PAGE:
Wednesday, June 13, 2012

Southwest to Tg Sepat - Part 4

The definition of 'fun'
There's no doubt that folding bicycles are getting popular.
Compared to three years ago, more people are taking their bikes on the road.
From its infancy to maturity, folding bike touring has taken a new perspective in terms of mobility and range.
With a properly-rigged bike, the journey can be endless.
In our case, we've done fairly well on our Dahon Speed P8 and Speed TR.
And for the record, very few people have gone touring on a folding bike. That is a fact.
Tg Sepat in this case, is the perfect staging point for longer rides - especially towards Port Dickson and Malacca.
I see plenty of potential in this route with the exception of the Jenjarom - Banting stretch..
And when it comes to touring, our main aim is to have fun.
Making the ride enjoyable meant having planned the routing and breaks meticulously.
Our time in Tg Sepat had come to an end and its now back to our home in USJ26.
Having found the correct routing, we should not go off-course like we did the day before.
Before we set out, breakfast was in order.
And based on the recommendation from the owner of the Vietnam coffeeshop, we tried the Fish Kut Teh guy near the Chinese temple.
Now, here's a trivial thing: If you want to eat Bak Kut Teh in Tg Sepat, better be early.
There's competition as busloads of foreigners were racing to chow down their Bak Kut Teh.
We sat down at a table and waited for a young man to take our order.
He recommended shark meat to go with the Fish Kut Teh which I rejected.
So, finally, we managed to score a bowl with all the usual stuff and started to chow down our breakfast.
By 9am, Tg Sepat was already packed to the brim with foreigners.
We made our way back to our room and started to pack up and leave..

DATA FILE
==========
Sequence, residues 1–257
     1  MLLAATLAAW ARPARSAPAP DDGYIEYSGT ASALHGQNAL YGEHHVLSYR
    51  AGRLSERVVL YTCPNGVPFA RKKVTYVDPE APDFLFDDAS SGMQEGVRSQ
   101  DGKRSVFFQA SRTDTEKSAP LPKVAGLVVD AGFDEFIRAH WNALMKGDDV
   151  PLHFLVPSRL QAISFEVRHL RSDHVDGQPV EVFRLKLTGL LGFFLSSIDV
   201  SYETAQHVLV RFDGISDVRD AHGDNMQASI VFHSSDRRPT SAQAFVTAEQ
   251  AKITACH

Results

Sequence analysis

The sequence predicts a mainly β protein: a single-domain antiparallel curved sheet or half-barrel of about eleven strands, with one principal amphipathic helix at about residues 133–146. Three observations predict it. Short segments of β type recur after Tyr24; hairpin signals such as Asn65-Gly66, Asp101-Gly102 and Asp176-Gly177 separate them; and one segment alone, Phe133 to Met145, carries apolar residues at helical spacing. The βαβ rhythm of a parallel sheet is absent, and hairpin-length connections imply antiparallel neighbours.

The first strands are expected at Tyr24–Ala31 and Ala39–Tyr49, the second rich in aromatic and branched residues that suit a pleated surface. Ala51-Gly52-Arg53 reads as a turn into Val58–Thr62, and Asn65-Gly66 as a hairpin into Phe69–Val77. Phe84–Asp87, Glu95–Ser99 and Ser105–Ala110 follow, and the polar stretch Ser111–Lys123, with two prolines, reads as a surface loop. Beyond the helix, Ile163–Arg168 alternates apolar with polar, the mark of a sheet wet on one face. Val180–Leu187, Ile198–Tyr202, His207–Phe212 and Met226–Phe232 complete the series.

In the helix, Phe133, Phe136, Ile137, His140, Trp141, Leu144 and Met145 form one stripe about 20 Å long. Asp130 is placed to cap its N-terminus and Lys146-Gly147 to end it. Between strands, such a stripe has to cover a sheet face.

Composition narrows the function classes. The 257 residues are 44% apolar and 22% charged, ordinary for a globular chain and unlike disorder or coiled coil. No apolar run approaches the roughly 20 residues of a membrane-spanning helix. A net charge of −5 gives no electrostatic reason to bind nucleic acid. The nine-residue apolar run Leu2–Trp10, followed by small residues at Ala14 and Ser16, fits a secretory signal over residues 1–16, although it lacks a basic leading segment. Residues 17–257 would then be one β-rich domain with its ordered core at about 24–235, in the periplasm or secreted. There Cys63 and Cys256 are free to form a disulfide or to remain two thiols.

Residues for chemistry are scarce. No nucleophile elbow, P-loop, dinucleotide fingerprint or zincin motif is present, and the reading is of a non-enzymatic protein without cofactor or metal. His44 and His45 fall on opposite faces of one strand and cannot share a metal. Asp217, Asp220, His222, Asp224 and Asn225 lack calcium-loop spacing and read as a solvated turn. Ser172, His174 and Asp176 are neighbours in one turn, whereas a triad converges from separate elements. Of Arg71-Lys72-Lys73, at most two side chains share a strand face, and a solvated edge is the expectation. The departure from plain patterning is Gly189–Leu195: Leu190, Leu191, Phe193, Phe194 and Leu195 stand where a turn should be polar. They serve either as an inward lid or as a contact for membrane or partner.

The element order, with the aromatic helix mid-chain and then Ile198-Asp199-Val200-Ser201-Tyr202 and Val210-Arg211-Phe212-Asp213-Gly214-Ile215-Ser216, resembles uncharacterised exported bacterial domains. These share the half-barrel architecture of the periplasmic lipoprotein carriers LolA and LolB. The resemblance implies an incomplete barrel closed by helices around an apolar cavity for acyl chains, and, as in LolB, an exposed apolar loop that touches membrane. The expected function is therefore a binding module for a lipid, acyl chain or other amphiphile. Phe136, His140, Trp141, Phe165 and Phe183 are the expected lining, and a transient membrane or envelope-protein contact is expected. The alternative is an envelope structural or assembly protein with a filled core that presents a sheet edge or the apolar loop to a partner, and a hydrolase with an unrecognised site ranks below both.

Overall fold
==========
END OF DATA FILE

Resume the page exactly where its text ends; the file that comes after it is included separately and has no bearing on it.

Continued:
A foreign bus in Tg Sepat

Decent: the seafood Bak Kut Teh
  Before we check out, I worked on Michelle's Dahon Speed TR.
I lubricated her chain with some Teflon grease to make the ride smoother.
So far, the TR had held on very well, even on offroad environment, but Michelle said she preferred the Jetstream P8 as its more comfortable.
Once I was done, we dropped the keys and began to ride out of Tg Sepat..


Giving the chain a little clean-up

Found a place to chill!
Riding out of town

Our favourite photo spot in Morib
Pedal power!
We were averaging between 20 - 25km/h from Tg Sepat to reach Morib in 45-minutes.
It was getting really hot with the Sun directly over our heads.
I told Michelle that we shouldn't waste time to cycle to Banting.
Since we had quite a fill at the Bak Kut Teh shop, there's enough stored energy to push all the way to Banting, which is 23km away.
Morib was no sweat as we worked out way to places like Tongkah, Simpang Morib and Kanchung Darat.
When we reached Banting, a man driving a banged-up piece of junk had suddenly swerved out. I engaged my airhorn and by the look on his face, he wasn't really pleased. Fuck him.
We took a little more than an hour to reach Banting town and as we made our way toward the evil Banting bridge, I noticed a signboard that says: "Cendul Banting".
Now, having tried another stall further down the road, I was thinking out aloud: "Well, which is the 'real' Banting Cendul???"
I signaled for Michelle to pull over and we had a taste of this icy dessert.
Now, we had the 'kosong' (without glutinous rice and some red toad egg-like thing) with the Cendul and it tasted great.


The evil Banting bridge

The old way: a worker using an ice-shaver